This requires a set of policies and procedures for any software development within the organisation. These policies help identify risks in development and implementation within the systems. Strong initial screening, lifelong management, and training of resources are essential. Practices like pair programming, peer reviews, and independent quality assurance testing are positive attributes.

A:14.2.2 System change control procedures:

This requires formal procedures that control the development lifecycle by enforcing change control policies. Organisations must not overlook the responsibility of protecting information and its assets when seeking any change. Audit logs are the best evidence to keep while undergoing such procedures. It is also mandatory to identify any risk involved and its evaluation in the development change of lifecycles through A:14 controls.

A:14.2.3 Technical review of applications after operating platform changes:

This requires a compulsory check of all technical changes to investigate if operating platforms have been changed. All changes must be reviewed and tested to ensure there is no adverse impact on organisational operations or security. This is a major responsibility of top management, which requires extra surveillance on such changes.

A:14.2.4 Restrictions on changes to software packages:

This requires a set of procedures to control external and internal access to software systems. Restrictions must be in place to prevent adverse effects from modifications that could lead to the loss of information security.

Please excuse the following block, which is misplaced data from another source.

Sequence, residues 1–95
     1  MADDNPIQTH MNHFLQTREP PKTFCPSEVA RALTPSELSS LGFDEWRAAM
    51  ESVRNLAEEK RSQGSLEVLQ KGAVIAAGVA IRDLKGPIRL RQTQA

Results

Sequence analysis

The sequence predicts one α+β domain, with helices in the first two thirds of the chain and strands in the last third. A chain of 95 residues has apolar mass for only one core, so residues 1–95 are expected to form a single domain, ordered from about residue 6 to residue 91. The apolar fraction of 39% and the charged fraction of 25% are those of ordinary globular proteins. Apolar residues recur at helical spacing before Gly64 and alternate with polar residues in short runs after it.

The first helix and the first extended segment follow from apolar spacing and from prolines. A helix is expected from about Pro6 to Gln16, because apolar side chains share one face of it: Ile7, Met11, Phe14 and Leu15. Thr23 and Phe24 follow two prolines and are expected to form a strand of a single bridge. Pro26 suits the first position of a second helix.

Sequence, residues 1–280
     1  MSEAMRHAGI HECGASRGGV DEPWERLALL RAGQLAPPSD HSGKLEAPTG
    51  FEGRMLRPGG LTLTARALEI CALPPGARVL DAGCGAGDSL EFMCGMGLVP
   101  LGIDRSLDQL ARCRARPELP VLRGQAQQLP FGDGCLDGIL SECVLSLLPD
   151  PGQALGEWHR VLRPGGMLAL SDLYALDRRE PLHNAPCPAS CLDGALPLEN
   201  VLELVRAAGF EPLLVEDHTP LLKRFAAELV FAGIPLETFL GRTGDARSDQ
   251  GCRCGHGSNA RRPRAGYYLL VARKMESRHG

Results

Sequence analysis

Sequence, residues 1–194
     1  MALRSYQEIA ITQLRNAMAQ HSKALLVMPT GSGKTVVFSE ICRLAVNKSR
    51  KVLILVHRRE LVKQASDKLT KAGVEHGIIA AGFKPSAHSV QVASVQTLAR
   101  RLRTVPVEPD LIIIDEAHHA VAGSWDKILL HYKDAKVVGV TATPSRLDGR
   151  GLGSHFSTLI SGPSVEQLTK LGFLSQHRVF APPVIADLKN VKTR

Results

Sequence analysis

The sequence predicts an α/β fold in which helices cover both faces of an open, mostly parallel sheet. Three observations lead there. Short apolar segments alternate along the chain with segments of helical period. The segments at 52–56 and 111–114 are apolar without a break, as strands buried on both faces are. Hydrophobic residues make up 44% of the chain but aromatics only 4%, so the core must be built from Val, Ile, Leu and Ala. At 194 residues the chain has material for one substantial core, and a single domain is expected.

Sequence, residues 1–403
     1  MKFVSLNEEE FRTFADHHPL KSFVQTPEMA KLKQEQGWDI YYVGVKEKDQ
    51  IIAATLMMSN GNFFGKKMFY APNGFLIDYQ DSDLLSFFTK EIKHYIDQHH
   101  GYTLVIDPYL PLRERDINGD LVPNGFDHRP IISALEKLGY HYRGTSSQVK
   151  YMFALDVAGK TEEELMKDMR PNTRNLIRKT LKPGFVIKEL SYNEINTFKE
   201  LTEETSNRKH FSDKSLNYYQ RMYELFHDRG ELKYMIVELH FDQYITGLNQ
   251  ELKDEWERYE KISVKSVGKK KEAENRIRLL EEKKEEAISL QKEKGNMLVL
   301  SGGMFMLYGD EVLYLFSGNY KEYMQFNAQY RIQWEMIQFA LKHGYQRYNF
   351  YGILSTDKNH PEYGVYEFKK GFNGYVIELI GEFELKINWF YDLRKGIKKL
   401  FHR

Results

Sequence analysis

A:14.2.5 Secure system engineering principles:

Principles for engineering secure systems must be established, documented, maintained, and applied to any information system implementation efforts. Secure software engineering principles exist at both general levels and specific to development platforms and coding languages. These principles help identify hidden risks that could lead to information loss within organisations.

A:14.2.6 Secure development environment:

Organisations need to establish and appropriately protect secure development environments for system development and integration efforts covering the entire system development lifecycle. These procedures prevent malicious activities from entering the systems. Such procedures involve business requirements and other internal and external requirements, including legislation, regulations, contractual agreements, or policies. Any changes in the technical environments must be protected and controlled.

A:14.2.7 Outsourced development:

The organisation must supervise and monitor the activity of outsourced system development. For any software outsourced to external parties, security requirements must be specified in a contract or attached agreement to reduce the risk of unauthorised access.

A:14.2.8 System security testing:

Security testing must be carried out during development. Permission from the responsible and relevant authority is required to run any security system testing. The outcomes of such tests must be controlled and documented.

A:14.2.9 System acceptance testing:

Acceptance testing programs and related criteria require an established policy for new information systems, upgrades, and new versions. Acceptance testing should also include security testing.


Annex A:14.3 Test Data

This section focuses on ensuring the protection of data used for testing.


A:14.3.1 Protection of test data:

Test data must be selected carefully, protected, and controlled. Test data should be used when upgrading internal operating systems, carefully selected and secured for the testing period, and securely deleted when testing is complete.

Certification made simple

For more information on achieving ISO/IEC 27001 Information Security Management Systems certification, contact Citation Certification today.

Take your business to the next level

What are you interested in?
Your data will be processed inline with our Privacy Policy.
This field is for validation purposes and should be left unchanged.